Monday 24 October 2011

The first Haapsalu shawl completed

Two months have passed in a flash and changed summer to autumn, now finally the shawl started at the end of this post is really finished. Everything was made following the steps of a true Haapsalu shawl and I'm very glad I attended a short course last winter with Aime Edasi, who showed all the necessary techniques.

Haapsalu shawl

Knitting the centre part was very enjoyable, but all the finishing from sewing to gathering the edge stitches after blocking - not my favourite pastime at all.

Haapsalu shawl

The stitch pattern used is Karukellakiri (Pasqueflower pattern), I like its varied texture. Made four pattern repeats in width and 19 lengthwise to obtain the standard size, but the shawl seems a bit small. Rinsing with cold water might have been a mistake, this made the wool stretch significantly less on the blocking frame.

Karukellakiri - Pasqueflower pattern

The seam is not quite perfect, there are some occasional larger spaces in it. These are probably caused by looser edge stitches, next time I will focus harder on the end stitches of every row and pull them more tightly around the needle, maybe that will do the trick.
This made me a little unhappy first, but I'm sure nobody will notice it while the shawl is worn. Besides, I discovered that the seams look similar in the Haapsalu Shawl book (blocking frame photos).

Estonian knitted lace

The yarn used for the shawl is Midara Micro in natural white (shade No. 025, pure wool). Not the easiest lace yarn to knit, because it's not very smooth and tends to dangle easily, but ripping it was quite possible - had to try this a little along the road. Perhaps the yarn is not quite thin enough either, but the result seems fine and the shawl has a better hold than those knitted with merino wool.

Midara Micro lace weight yarn


  1. OMG, amazing Shawl , so beautiful :)
    congrats from Paris :)

  2. Congratulations. It turned out beautifully! The finishing is really the most tedious part of a shawl. I have tried to open up the loops of the cast on edge after blocking once but it did not look so pretty. I like the more "braided" look of the cast on edge although it is not traditional then. But maybe one day, I will be brave enough to try it again. I do not see what you do not like about your seam. I totally agree with you on the Midara Micro. It holds its shape very well. It is not overly soft but it is not too scratchy either in my opinion. But I dream of knitting a shawl with much thinner wool some day.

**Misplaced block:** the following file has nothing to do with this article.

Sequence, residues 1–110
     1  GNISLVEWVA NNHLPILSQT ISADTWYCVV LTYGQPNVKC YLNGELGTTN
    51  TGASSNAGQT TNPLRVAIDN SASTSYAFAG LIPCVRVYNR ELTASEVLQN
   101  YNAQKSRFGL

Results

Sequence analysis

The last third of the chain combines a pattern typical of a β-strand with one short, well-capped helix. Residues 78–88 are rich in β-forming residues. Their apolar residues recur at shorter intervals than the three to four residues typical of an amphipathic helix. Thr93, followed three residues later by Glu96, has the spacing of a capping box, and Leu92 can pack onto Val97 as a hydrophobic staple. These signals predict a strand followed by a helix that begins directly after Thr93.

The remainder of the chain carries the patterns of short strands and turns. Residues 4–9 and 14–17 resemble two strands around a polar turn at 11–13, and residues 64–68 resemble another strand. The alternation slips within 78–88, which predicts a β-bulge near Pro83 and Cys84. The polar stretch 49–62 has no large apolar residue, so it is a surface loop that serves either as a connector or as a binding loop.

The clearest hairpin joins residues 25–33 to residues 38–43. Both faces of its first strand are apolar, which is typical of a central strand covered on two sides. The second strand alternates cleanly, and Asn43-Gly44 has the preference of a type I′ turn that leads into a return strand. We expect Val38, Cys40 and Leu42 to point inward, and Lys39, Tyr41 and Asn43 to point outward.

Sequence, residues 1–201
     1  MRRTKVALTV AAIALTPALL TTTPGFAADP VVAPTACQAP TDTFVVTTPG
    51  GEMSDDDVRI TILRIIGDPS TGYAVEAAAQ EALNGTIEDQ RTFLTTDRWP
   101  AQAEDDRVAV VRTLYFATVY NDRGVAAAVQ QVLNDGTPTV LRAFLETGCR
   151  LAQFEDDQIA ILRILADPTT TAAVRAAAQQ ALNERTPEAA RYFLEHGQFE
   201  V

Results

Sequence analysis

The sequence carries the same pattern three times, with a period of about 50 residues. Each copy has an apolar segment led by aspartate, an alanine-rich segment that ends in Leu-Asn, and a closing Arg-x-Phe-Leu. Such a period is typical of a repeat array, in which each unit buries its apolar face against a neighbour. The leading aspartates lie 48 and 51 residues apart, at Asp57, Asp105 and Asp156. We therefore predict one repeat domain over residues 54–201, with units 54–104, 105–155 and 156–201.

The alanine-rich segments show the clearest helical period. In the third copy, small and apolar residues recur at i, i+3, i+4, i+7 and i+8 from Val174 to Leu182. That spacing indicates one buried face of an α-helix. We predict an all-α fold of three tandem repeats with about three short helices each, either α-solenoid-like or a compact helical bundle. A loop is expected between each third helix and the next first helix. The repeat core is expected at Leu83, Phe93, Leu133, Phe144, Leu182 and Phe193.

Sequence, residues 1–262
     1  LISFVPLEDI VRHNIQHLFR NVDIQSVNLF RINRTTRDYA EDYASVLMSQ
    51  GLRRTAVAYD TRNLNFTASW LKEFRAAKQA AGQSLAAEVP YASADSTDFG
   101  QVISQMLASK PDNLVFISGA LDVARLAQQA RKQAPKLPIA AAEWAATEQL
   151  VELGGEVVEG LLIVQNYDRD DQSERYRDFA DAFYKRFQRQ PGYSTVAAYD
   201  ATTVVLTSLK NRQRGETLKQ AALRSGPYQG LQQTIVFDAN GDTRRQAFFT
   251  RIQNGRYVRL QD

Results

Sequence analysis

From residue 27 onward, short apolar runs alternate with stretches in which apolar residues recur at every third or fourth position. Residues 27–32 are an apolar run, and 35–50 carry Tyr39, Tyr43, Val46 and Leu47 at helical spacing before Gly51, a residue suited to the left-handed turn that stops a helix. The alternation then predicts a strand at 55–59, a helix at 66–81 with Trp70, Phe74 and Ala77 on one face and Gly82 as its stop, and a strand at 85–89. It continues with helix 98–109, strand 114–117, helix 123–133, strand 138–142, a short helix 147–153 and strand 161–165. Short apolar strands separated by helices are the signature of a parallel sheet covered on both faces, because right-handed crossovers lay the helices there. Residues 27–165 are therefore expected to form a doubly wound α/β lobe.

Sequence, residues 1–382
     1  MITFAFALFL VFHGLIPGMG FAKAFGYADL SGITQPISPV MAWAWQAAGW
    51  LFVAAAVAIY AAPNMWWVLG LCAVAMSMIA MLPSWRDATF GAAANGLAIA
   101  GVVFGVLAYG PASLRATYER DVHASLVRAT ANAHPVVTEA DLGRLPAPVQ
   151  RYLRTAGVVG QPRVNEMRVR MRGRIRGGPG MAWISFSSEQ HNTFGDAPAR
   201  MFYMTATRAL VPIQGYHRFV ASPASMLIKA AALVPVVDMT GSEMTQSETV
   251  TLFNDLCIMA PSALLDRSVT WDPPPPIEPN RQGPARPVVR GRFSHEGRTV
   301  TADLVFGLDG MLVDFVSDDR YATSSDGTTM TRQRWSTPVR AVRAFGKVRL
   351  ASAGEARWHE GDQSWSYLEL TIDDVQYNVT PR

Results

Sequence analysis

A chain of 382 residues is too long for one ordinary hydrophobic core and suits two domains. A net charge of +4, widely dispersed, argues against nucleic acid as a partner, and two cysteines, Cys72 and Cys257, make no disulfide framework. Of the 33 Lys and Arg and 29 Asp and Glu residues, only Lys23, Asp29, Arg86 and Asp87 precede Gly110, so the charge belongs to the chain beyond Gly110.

3. Imekena!
    Pole siin miskeid auke servades näha, kõik on täpselt nii kuis peab. Kas põhiosa kudusid nr 3 ja äärepitsi 3,5 varrastega?

  4. Thank you all for the nice words! The close-up picture of the seam only shows a 'nice' part, naturally. I suppose, it's not really a problem, just something to give more attention to next time.

    Aitäh! Aukudest pole muidugi lähivõtet välja riputatud, aga ega keegi neid vist kaugemalt tõesti märka. Ainult mul endal on tekkinud erihuvi teiste inimeste sallide õmblused üle vaadata.
    Kudusin varrastega 2,75 ja 3,25, tundus ilusam, aga eks seetõttu on ka vähem venitatav.

  5. And what needle size did you use for opening up the cast-on edge? Every time, I am trying it, I fear to damage the edge somehow ...

  6. Do you mean casting on with a different yarn?
    I don't do that, I use the knitted cast-on like described in the book - making stitches onto the left needle (5 mm), almost like crocheting.

  7. Yes, that is what I do, too.
    I mean after blocking. I understood that you opened up the loops of the outer edge with a needle, didn't you? "gathering the edge stitches after blocking"? And if you did that, what needle size did you use?

  8. Oh I see now... I just used the long needles I had, 2.5 and 3 mm, seem to have been thick enough. The scallops were perhaps a little out of shape afterwards, but nothing happened to the edge.